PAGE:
������� Normalization is a methodology of DB design that creates proper relations, removes redundant data, promotes efficient use of disk space,� and reduces the likelihood that accessing and manipulating data will result in anomalies.� Normal form classification uses consecutive, progressive numerical titles (e.g., 1NF) to describe in shorthand whether a particular DB has satisfied the fundamental design precepts.� If a DB design has not been normalized, the DB has been designed in a manner that fails to prevent avoidable errors and data corruption.� For example, when the DB design causes storage of specific data in multiple locations or tables, updates to that data can cause anomalies to occur.� Failure to update the specific data in every location virtually simultaneously causes inconsistencies in the data between the two locations (an update anomaly).� Normalized DBs also create correct dependencies among data sets.� Incorrect dependencies can create errors when data is added or deleted from the DB.�
A. Normal Forms
1. ��First Normal Form (1NF)
As Edgar Codd has outlined, satisfaction of the first Normal Form requires a DB design to (a) eliminate repeating groups in individual tables ���(atomicity); (b) identify each set of related data with a primary key;  and (c) create a separate table for each set of related data.
��� Violations of the first Normal Form (1NF) include the flaws of repeating groups, the absence of unique identifiers, the inclusion of multiple meaningful values in a single field, and the inclusion of multiple columns representing the same type of atomic data.� Data corruption is highly probable if any of these violatons are found within the DB design.�
�������� 2. �Second Normal Form (2NF)
The overarching purpose of the Second Normal Form (2NF) is to reduce the amount of redundant and duplicate entries within a DB. A DB table satisfies 2NF if (a) it conforms to 1NF and (b) each non-primary key element is dependent upon the primary key.� DB satisfaction of 2NF means tables with repeating information separate the repeating data and reference those records through the use of �integrity constraints.�� Integrity constraints provide a method to ensure data entry changes or updates do not result in a loss of data consistency.� The most common tool deployed is known as a foreign key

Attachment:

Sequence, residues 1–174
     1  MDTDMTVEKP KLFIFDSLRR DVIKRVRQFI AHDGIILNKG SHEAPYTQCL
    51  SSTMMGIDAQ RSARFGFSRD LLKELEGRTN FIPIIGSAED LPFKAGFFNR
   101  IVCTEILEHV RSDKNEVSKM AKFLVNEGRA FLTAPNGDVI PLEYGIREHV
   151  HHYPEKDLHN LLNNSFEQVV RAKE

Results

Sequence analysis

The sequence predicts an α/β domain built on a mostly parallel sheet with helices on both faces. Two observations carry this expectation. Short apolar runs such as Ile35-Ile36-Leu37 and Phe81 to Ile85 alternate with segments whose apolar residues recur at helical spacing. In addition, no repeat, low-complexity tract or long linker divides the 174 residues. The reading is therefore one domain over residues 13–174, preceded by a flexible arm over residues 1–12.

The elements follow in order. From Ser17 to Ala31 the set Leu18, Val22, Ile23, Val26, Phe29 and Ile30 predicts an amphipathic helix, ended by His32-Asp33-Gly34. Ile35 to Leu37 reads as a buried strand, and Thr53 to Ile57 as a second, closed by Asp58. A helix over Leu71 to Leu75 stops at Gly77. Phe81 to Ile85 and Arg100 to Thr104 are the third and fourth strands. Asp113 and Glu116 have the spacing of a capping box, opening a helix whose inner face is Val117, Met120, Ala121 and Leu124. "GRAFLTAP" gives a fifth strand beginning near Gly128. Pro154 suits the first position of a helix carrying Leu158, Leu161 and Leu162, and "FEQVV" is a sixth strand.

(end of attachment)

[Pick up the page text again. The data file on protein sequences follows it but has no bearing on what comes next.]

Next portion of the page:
The first and second Normal Forms contain the most fundamental design principles for efficient and accurate DBs.� Any DB that fails to satisfy the first two Normal Forms will suffer various failures upon deployment.�
II.� GEMS Database Design Flaws
This paper�s analysis of the GEMS DB design is based on review of publicly available GEMS election DBs that are publicly accessible via the internet.�
A. System Architecture Design Flaws
������� � Analysis of the GEMS DB architecture demonstrates that it violates both 1NF and 2NF. ��
1. Violations of 1NF
The GEMS DB design violates fundamental principles of DB architecture for it fails to conform to several 1NF principles.� Consequently, GEMS is susceptible to the common errors and anomalies that 1NF seeks to eliminate.� Most troubling, nonconformity with 1NF can cause erroneous data to be entered into the DB through normal operation of the system.� System failures can then occur without an operator knowing or having any indication that the system is failing because the DB lacks essential design constraints in place to prevent invalid data.
First 1NF Violation: GEMS�s Race table violates 1NF because it has multiple columns representing the same type of atomic data. The Race table is structured for two columns to contain the same type of atomic data, VGroup1Id and VGroup2Id, but the purpose of having two columns cannot be distinguished from examining the table alone.� Through normal operation, the GEMS design creates unnecessary processing and uses DB storage inefficiently.� GEMS thus violates one of the main purposes of the 1NF:� eliminating duplicative columns from the DB.
Second 1NF Violation: GEMS includes multiple meaningful values within a single field as demonstrated by the VCenter table of GEMS.� The VCenter table holds information regarding polling locations but because of the column �Label,� the VCenter table violates 1NF:� ��multiple meaningful values are held within the same field.� Combining data in this manner makes it difficult to query voting locations and allows for numerous entries for the same polling location.�
Third 1NF Violation:� Several GEMS tables lack a unique identifier, a failure demonstrated by review of Figure 1. Within the two Counter tables, the third
and forth entries of both Counter tables are indistinguishable from one another other than by their position in the table.